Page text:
When North Carolina’s Governor Cooper shut us down in late March, my immediate thought was, “Well, this stinks, but surely things will let up soon and go back to normal.”
The order was passed on a Friday – a Friday, mind you, that my children were already home, due to a county water boil advisory and the elementary school closing for the day. As I tucked them into bed on Thursday night, I had no idea that this was the beginning of a long stretch of family time.
As with most parents, the news on Friday around the water boil advisory was met with a minor amount of irritation at the last minute schedule change. I love my babies dearly, but a scheduled school closing is a bit of a juggle on my best day, and with the last minute closure, I was left rescheduling web meetings (I laugh now at the idea of rescheduling because my kids are home), parsing out heavy brain work, and running to the grocery to pick up extra lunch stuff, with my lively 6-year-old in tow.
My friends, however, laugh when I tell them I had no clue we even had a COVID problem. I learned long ago to curate the content I digest, and that I am a content hermit, except for subjects I’m passionate about. We live on six acres, and have several chickens and several gardens. I was a proud homesteader before COVID made it even more cool. I stay busy. I did get a COVID pool. It’s harder to take care of than I thought it would be, but fun to swim in since we haven’t been to the beach in a while, so there’s that.
In any case, the way I see it, if it’s important, someone in my circle will tell me, so I figure I’m relatively safe from a barrage of zombies shuffling down the drive unexpectedly.
That Friday, I rescheduled everything for Monday. Governor Cooper released his order, and much to my dismay, I quickly realized Monday would be the Monday-est Monday ever. Not only had I pushed off my Friday appointments, but now I’d also be paying the price with full backup singers. Only, instead of singing, they mainly ask for stuff, whine, and ask questions about the universe, while I’m in the middle of a web huddle.
As a former (and now current) homeschool mom, I lived the juggle before. Over the weekend, I grabbed Education.com activities, made the chore list, and actively worked to stem their boredom with educational and productive activities to ensure that they would be busy bees while I worked to catch up on Monday.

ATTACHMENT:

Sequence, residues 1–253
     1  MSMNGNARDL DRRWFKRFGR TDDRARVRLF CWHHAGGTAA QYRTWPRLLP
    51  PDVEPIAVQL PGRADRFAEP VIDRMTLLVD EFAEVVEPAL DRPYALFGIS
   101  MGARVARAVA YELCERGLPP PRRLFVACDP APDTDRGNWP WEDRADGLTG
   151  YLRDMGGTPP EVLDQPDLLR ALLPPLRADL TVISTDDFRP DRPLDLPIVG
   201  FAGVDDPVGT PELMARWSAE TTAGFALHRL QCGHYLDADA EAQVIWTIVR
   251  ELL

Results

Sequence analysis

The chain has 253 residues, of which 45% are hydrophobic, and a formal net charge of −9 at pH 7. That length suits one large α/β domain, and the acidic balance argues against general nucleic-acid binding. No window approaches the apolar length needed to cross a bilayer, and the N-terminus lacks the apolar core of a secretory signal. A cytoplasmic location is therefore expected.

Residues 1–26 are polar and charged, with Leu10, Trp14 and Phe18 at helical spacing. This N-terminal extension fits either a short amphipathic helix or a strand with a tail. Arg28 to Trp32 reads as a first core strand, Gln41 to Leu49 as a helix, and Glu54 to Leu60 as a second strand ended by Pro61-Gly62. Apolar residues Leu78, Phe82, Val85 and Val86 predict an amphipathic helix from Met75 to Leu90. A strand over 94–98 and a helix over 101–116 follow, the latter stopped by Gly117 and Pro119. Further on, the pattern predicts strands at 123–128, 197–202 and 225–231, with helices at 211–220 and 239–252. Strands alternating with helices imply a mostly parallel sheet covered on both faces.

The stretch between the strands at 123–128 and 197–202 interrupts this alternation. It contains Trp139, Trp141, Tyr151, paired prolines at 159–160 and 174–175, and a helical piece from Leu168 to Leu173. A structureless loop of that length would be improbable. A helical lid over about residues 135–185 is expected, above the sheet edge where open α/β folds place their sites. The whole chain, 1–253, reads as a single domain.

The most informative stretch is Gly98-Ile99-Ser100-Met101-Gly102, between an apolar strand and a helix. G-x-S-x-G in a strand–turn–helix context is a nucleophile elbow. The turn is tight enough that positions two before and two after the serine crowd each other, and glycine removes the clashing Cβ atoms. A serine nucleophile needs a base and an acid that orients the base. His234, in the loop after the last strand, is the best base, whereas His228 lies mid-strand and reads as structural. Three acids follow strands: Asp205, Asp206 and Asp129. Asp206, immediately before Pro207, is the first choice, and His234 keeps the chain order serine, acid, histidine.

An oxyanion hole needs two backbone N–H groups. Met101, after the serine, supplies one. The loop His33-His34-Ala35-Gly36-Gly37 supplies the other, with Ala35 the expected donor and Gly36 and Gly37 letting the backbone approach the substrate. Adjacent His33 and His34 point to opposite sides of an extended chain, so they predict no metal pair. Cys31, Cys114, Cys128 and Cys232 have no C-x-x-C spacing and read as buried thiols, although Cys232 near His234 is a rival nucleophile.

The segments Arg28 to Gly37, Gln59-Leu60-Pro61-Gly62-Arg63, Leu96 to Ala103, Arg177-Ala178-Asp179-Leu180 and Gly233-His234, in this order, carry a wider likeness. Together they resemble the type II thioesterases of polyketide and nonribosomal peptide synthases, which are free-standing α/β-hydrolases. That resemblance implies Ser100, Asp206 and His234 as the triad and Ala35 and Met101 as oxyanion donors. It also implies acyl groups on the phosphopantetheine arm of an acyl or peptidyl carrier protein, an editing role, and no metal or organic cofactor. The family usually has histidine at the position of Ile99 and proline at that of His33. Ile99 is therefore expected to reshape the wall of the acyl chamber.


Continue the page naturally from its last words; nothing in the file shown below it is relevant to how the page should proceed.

Parents know the hustle and bustle of keeping the littles distracted while they work the odd day from home. I wasn’t ready, however, for my other half, an IT Engineer, to be home that Monday as well. His orders came in – no more working in the office until further notice. Even today, we aren’t sure if he will be returning this year (he is pretty bummed, being that he is missing out on the company bowling alley, basketball court, and gourmet cafeteria). Also, according to him, my avocado toast does not replace the one he gets at the cafeteria. It passes, though. Before he worked from home, I had never had avocado toast (gasp). We take turns making breakfast, and I’ve jumped on the avocado toast bandwagon. That stuff is delicious.
In any case, that Monday was a bit hairy, but we survived. Marco (my husband) and I bounced the babysitting between calls. We relied on each other. Years of the WAHM/SAHM (work at home mom/stay at home mom) discussions were turned a bit sideways, honestly, because we saw each other working through the day together. He juggled right alongside me, and my day was lightened. Our family grew closer, and over the following months, my colleagues got to know my children better than before, and I got to know theirs (fur babies included). I’ve thoroughly enjoyed the ability to get closer to my teammates, even though my heart is incredibly saddened by the things happening outside our door.
As I write this, we have ground rules. There is a sign on my husband’s office door when he’s on a call, and I don’t go upstairs unless he isn’t (otherwise, I get to say hello to all of his colleagues, if his virtual background isn’t enabled). We spend time as a family throughout the day, do chores together, and try our best to eat breakfast and lunch together.
I’ve become a ninja at positioning my webcam away from my bed, so I can work from my bedroom while Marco works from my old office. Teams just released their virtual backgrounds, which are kind of fun, and I’ve never appreciated noise-cancelling headphones more. There have been many opportunities to learn and do things a bit better, since the first few clumsy weeks of COVID-distancing. Daresay, things are close to a science right now.
My newest co-worker is my husband. He works for a different company, but our home has turned into the newest coworking space on the block. It has been inspiring and strengthening to be a team through the day, and to live the parenting struggle together at home.
I don’t know what the future holds. My father was diagnosed with esophageal cancer at the same time the stay-at-home order hit, so I run errands for my parents a few times a week, and work hard to be available for whatever they need. Marco has been told not to expect to return to work until 2021 at the minimum. We save money from the lack of commute (30 miles one way – homestead – middle of nowhere), and as a work from home mom, it’s nice to have the support of my partner during the day.